Ballet Training

Ask Amy: Tips for Hopping on Pointe

New York City Ballet's Lauren King demonstrating hops on pointe. Photo by Nathan Sayers for Dance Spirit.

I have really high arches and find it very difficult to hop on pointe. Do you have any tips? —Maria


Once you get the hang of hops on pointe, they're a lot of fun. But you need to have a fairly decent amount of strength and a healthy dose of fearlessness to do them well. However, dancers with beautifully high insteps and flexible ankles tend to struggle with them because their increased range of motion results in less stability.

First, practice making the proper shape with your feet while in plié on pointe. A surefire way to break an ankle is to push over the shoes' platforms. Instead, you need to pull back and clench the feet as the legs plié, making a cupped, cashew-nut shape. I know, not pretty. But that shape will give you the proper support when pushing off and landing on the tips of your toes. Start simply at the barre: In sous-sus, practice slow, simple pliés without the hop. As your legs bend, hold the ankles strongly, cupping the feet (as opposed to pressing over your shoes), so that your center of gravity continues going straight down. Notice your hamstrings working as you plié and straighten—those muscles will help support and control your take off and landings, as well as take pressure off your poor toenails.

After practicing pliés in sous-sus, try gentle soubresauts and changements at the barre. Think about staying light and lifted through the body as you land (with the help of your hamstrings), as opposed to slamming the toes into the floor. Once you feel more secure, try one-footed hops in attitude devant and derrière before graduating to practicing in the center. Ask your teacher to watch carefully as you practice, so she can help correct any improper placement.

Have a question? Send it to Pointe editor and former dancer Amy Brandt at askamy@dancemedia.com.

Summer Intensive Survival
Getty Images

There's a sweet spot toward the end of August—after summer intensives have wrapped up and before it's time to head back to school or work—where the days are long, lazy and begging to be spent neck-deep in a pile of good books. Whether you're looking for inspiration for the upcoming season or trying to brush up on your dance history, you can never go wrong with an excellent book on ballet. We've gathered eight titles (all available at common booksellers like Amazon and Barnes and Noble) guaranteed to give you a deeper understanding of the art form, to add to your end-of-summer reading list.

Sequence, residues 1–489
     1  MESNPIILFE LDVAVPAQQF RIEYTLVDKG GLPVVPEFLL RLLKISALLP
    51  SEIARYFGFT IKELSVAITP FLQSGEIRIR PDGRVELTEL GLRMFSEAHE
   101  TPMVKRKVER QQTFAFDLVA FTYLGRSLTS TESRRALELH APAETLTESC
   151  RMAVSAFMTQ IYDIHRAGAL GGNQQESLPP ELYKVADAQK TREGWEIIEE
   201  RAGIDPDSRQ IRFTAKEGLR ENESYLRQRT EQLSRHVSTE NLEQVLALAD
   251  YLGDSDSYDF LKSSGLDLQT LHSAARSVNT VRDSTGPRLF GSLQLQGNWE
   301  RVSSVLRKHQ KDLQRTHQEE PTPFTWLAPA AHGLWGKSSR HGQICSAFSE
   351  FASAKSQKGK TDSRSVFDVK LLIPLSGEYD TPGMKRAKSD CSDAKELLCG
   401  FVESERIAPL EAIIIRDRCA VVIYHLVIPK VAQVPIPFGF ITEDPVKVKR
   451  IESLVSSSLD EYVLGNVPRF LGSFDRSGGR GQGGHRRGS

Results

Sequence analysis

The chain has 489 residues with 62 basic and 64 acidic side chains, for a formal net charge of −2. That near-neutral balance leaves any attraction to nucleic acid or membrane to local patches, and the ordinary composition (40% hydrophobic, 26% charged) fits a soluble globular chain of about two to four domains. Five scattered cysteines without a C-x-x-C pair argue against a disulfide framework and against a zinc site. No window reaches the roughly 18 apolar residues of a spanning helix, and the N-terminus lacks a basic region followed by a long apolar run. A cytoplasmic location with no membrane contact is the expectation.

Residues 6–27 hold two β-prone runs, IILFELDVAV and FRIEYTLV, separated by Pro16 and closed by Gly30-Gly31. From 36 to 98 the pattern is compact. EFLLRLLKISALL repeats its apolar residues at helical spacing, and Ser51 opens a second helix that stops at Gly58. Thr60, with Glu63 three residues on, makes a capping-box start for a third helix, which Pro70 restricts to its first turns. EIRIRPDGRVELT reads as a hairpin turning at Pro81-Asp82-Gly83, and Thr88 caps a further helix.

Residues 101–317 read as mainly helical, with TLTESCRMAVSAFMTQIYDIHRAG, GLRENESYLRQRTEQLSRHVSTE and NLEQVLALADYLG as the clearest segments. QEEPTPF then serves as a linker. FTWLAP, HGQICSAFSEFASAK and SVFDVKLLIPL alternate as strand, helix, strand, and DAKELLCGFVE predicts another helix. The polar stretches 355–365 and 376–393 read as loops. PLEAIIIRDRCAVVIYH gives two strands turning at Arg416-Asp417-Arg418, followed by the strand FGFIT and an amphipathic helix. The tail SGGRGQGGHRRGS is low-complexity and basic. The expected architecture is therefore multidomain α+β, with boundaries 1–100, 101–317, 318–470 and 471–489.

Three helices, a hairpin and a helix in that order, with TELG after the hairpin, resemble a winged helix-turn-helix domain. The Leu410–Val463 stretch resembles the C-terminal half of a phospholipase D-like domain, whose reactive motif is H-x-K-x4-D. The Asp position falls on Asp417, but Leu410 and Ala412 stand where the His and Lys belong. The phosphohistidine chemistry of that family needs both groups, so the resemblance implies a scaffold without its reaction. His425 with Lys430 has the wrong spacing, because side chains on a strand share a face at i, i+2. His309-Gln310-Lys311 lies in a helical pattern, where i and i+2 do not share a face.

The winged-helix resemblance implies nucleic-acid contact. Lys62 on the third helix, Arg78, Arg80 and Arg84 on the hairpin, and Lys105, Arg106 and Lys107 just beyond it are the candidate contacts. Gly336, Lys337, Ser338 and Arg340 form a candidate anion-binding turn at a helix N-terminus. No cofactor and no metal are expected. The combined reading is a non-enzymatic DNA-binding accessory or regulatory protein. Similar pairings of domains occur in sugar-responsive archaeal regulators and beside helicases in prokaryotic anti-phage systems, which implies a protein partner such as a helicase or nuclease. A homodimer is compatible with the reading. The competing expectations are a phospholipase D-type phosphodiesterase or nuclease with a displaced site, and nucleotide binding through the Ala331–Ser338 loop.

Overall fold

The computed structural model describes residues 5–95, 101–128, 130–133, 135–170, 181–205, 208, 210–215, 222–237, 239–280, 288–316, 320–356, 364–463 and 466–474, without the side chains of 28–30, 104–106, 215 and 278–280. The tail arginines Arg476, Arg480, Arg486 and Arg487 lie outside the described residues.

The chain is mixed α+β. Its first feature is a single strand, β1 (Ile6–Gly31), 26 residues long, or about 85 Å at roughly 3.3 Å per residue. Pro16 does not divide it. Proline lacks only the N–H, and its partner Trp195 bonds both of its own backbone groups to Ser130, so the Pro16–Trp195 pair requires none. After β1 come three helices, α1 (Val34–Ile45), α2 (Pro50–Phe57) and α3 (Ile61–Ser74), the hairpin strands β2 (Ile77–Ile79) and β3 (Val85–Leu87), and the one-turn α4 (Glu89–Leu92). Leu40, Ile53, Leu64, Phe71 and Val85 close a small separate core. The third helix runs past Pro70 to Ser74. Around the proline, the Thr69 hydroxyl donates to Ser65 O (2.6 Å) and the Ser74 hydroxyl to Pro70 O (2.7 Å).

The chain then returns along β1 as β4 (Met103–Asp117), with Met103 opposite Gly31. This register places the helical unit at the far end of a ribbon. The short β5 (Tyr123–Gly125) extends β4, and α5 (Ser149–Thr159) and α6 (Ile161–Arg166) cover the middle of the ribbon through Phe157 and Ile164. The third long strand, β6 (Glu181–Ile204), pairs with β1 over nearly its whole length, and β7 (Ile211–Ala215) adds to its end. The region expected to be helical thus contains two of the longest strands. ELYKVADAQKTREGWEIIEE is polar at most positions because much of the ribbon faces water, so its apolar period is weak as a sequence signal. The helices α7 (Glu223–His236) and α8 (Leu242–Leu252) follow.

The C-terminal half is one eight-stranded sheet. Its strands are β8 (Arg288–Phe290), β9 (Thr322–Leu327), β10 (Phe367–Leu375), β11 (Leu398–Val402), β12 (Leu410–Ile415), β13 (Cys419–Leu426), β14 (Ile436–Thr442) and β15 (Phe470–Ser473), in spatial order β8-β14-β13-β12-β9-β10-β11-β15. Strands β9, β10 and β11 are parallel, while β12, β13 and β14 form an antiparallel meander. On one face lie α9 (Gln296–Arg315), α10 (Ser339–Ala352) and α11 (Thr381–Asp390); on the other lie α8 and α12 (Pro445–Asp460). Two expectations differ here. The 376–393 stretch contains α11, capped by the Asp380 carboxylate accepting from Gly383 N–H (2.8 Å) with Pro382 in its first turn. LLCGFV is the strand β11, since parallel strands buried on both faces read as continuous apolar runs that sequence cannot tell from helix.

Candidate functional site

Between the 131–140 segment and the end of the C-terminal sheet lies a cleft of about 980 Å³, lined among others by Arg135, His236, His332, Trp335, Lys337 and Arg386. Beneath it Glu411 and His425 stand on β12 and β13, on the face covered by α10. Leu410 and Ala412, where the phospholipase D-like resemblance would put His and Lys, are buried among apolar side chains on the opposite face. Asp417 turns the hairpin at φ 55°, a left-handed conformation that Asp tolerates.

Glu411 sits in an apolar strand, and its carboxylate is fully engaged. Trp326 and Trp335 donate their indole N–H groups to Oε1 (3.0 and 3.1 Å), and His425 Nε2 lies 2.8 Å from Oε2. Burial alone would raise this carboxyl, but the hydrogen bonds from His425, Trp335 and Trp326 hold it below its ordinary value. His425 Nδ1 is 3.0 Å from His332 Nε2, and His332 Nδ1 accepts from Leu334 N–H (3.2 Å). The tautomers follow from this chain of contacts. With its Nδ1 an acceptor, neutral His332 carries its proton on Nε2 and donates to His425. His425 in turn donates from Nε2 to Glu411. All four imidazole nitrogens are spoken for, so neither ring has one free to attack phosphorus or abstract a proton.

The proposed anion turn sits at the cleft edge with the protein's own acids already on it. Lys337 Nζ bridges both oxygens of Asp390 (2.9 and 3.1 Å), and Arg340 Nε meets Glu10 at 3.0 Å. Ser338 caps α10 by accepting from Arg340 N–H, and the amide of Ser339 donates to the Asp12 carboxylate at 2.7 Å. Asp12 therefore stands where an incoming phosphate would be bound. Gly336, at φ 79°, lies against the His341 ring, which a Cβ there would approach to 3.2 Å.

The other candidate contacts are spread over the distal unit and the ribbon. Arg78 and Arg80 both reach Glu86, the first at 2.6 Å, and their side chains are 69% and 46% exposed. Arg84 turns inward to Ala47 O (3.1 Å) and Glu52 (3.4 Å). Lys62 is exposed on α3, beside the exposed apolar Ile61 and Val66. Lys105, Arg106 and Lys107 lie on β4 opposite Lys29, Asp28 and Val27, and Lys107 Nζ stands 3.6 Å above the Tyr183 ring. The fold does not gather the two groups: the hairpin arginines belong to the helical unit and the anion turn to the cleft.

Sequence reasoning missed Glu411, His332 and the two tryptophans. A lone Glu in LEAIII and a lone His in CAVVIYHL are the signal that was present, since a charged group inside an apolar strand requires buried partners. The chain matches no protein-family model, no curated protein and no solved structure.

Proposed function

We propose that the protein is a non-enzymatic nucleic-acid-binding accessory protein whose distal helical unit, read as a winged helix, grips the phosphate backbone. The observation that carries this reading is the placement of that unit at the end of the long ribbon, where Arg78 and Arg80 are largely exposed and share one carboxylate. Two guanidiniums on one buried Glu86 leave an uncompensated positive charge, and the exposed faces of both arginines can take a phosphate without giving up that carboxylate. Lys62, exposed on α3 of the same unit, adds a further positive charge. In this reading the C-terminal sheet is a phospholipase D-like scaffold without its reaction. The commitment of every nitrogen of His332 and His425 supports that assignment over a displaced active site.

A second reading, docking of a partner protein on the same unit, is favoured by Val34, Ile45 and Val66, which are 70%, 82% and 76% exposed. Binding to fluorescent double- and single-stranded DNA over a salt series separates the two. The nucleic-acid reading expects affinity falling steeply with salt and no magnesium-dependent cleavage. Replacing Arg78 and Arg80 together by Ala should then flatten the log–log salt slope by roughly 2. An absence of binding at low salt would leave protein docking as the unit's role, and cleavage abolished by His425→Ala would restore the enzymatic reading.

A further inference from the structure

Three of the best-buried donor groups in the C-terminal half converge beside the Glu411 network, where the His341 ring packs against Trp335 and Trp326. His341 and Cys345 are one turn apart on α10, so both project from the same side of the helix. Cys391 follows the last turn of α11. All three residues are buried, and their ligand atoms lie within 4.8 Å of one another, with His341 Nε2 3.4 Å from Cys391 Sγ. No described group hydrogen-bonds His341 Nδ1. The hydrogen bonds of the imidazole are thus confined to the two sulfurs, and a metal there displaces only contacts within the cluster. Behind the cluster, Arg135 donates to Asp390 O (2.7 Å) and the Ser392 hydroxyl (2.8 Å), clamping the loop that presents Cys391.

Keep reading... Show less
Site Network
James Yoichi Moore and Noelani Pantastico warm up onstage. Angela Sterling, Courtesy SDC.

On a sunny July weekend, hundreds of Seattle-area dance fans converged on tiny Vashon Island, a bucolic enclave in Puget Sound about 20 miles from the city. They made the ferry trek to attend the debut performance of the fledgling Seattle Dance Collective.

SDC is not a run-of-the-mill contemporary dance company; it's the brainchild of two of Pacific Northwest Ballet's most respected principal dancers: James Yoichi Moore and Noelani Pantastico. The duo wanted to create a nimble organization to feature dancers and choreographers they felt needed more exposure in the Pacific Northwest.

Keep reading... Show less
News
Roman Mejia in Robbins' Dances at a Gathering. Erin Baiano, Courtesy NYCB.

The Princess Grace Foundation has just announced its 2019 class, and we're thrilled that two ballet dancers—New York City Ballet's Roman Mejia and BalletX's Stanley Glover—are included among the list of über-talented actors, filmmakers, playwrights, dancers and choreographers.

Keep reading... Show less
Trending
The Royal Ballet's Alexander Campbell and Yasmine Naghdi in Ashton's The Two Pigeons. Tristram Kenton, Courtesy ROH.

While most ballet casts are 100 percent human, it's not unheard of for live animals to appear onstage, providing everything from stage dressing to supporting roles. Michael Messerer's production of Don Quixote features a horse and a donkey; American Ballet Theatre's Giselle calls for two Russian wolfhounds; and Sir Frederick Ashton's La Fille Mal Gardee requires a white Shetland pony. Another Ashton masterpiece, The Two Pigeons, is well known for its animal actors. But though ballet is a highly disciplined, carefully choreographed art form, some performers are naturally more prone to flights of fancy—because they're birds.

Keep reading... Show less